Siri can now tune into live shows on the new Apple TV

Apple TV interface
The Apple TV interface.

Way before the fourth-generation Apple TV saw the light of day, there were rumours Apple wanted to make live television streaming part of its repertoire. Well, while we haven't seen the flagship feature yet, we're inching ever closer to it.

As promoted in the splash page for tvOS 9.2, Siri can now be used to tune into live segments in supported apps. The CBS, Disney XD and ESPN apps are the ones mentioned, though presumably more apps are going to support the feature in the future.

"Ask Siri to start watching a live channel in one of the supported apps, such as CBS, Disney XD, and ESPN. Try saying 'Watch CBS' or 'Watch ESPN live'" read the official on-screen instructions provided by Apple.

Going live

The live feeds inside these apps aren't new or indeed exclusive to the latest Apple TV, but the fourth-gen box is the only one with Siri support - and it's possibly a sign that Apple is gearing up to make way for more live content in the future.

Word on the Apple street has been that the Cupertino company's cord-cutting live television endeavours floundered due to a failure to get any deals with major content partners. However, such a service is rumoured to still be in the works.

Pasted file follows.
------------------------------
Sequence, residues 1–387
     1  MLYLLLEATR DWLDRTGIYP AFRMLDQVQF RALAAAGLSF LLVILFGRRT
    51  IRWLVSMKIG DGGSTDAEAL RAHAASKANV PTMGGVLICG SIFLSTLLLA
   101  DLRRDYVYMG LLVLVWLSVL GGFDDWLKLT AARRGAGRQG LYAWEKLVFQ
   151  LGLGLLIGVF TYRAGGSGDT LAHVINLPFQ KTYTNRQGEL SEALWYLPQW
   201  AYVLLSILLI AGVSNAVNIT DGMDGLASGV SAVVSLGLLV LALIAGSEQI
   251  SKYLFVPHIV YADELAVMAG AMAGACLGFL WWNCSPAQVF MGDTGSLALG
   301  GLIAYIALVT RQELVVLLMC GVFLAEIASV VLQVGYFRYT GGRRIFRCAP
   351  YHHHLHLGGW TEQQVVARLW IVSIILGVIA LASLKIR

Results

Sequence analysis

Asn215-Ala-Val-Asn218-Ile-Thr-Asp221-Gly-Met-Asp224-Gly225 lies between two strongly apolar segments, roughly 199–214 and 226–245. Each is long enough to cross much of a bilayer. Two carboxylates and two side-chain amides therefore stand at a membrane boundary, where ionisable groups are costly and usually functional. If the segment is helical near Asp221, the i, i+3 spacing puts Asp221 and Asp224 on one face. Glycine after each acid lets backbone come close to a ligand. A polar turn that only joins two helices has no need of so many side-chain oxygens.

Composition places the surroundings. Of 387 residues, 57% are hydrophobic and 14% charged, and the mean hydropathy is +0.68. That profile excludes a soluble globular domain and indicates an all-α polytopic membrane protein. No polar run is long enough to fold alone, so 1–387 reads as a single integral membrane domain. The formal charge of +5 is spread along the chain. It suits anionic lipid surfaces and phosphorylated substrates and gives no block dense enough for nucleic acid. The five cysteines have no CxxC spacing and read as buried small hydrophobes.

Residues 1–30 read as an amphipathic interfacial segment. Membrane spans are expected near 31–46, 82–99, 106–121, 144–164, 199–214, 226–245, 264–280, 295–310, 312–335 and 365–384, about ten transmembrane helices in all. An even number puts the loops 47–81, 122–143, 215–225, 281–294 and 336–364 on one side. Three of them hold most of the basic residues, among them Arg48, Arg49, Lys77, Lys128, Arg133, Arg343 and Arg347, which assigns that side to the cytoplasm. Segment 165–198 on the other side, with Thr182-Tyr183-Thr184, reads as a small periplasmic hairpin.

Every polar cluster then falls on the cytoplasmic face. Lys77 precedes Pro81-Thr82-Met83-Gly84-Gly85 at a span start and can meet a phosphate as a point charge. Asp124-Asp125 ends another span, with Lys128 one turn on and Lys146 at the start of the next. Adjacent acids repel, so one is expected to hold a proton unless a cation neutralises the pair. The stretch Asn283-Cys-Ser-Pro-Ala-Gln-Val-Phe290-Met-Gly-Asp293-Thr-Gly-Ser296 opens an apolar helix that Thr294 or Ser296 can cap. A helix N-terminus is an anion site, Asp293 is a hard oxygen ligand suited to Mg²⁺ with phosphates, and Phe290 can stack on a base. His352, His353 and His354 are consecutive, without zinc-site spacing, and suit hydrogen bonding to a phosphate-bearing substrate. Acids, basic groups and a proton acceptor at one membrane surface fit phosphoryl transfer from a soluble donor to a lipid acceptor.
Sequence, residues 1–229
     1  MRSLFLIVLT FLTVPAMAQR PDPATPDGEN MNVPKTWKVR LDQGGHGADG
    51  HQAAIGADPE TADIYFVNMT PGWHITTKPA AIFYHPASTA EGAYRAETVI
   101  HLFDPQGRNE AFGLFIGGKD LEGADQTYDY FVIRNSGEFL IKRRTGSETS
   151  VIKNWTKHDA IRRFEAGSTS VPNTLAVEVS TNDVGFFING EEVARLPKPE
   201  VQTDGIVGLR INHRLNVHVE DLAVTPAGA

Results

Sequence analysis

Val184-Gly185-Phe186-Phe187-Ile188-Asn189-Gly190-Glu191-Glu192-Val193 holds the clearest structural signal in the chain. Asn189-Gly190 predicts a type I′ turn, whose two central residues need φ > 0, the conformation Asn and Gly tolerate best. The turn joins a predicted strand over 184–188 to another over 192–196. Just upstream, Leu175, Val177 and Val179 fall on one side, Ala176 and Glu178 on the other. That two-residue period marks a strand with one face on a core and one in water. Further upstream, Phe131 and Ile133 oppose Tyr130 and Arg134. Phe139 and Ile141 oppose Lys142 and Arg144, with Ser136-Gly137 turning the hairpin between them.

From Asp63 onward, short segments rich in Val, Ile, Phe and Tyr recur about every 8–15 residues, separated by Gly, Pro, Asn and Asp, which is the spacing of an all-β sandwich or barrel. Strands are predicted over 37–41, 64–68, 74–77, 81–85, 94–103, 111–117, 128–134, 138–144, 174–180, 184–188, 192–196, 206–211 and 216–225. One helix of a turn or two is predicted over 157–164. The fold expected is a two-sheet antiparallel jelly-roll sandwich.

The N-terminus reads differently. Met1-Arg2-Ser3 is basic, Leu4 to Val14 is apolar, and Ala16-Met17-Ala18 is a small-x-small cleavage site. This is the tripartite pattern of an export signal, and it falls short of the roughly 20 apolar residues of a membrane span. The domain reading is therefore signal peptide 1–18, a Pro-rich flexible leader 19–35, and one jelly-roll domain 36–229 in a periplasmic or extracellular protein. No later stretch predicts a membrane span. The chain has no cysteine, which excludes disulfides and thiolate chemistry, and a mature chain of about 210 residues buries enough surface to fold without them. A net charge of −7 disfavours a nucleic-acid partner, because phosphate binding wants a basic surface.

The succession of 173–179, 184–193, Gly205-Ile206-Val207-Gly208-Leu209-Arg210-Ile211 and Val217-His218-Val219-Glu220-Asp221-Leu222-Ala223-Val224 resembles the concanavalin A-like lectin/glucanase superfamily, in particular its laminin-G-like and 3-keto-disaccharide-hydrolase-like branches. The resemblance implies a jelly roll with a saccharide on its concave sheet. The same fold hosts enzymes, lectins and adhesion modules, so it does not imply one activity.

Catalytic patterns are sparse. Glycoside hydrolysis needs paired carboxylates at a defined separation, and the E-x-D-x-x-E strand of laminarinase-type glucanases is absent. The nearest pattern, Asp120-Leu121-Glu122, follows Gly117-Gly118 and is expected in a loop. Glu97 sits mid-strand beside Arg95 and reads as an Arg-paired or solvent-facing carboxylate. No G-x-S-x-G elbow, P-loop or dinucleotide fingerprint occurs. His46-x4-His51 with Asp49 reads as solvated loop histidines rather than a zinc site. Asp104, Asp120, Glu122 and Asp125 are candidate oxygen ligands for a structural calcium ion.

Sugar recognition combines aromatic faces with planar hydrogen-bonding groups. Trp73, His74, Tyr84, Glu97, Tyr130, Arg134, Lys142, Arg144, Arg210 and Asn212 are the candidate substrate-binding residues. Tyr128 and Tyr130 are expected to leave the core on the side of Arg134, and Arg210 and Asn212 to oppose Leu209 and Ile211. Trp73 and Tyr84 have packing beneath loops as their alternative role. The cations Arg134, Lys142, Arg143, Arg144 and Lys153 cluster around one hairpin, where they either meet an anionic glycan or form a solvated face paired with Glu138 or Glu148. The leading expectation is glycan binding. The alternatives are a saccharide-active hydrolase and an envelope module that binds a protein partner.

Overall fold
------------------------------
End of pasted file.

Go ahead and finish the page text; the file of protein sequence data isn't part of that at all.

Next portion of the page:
If Apple can strike deals with the likes of ABC, CBS and Fox to let users tune into live channels over the web then the Apple TV will be ready and waiting. The way the industry is moving, it's surely only a matter of time.

Check out an Apple TV rival, the Amazon Fire TV:

David Nield
Freelance Contributor

Dave is a freelance tech journalist who has been writing about gadgets, apps and the web for more than two decades. Based out of Stockport, England, on TechRadar you'll find him covering news, features and reviews, particularly for phones, tablets and wearables. Working to ensure our breaking news coverage is the best in the business over weekends, David also has bylines at Gizmodo, T3, PopSci and a few other places besides, as well as being many years editing the likes of PC Explorer and The Hardware Handbook.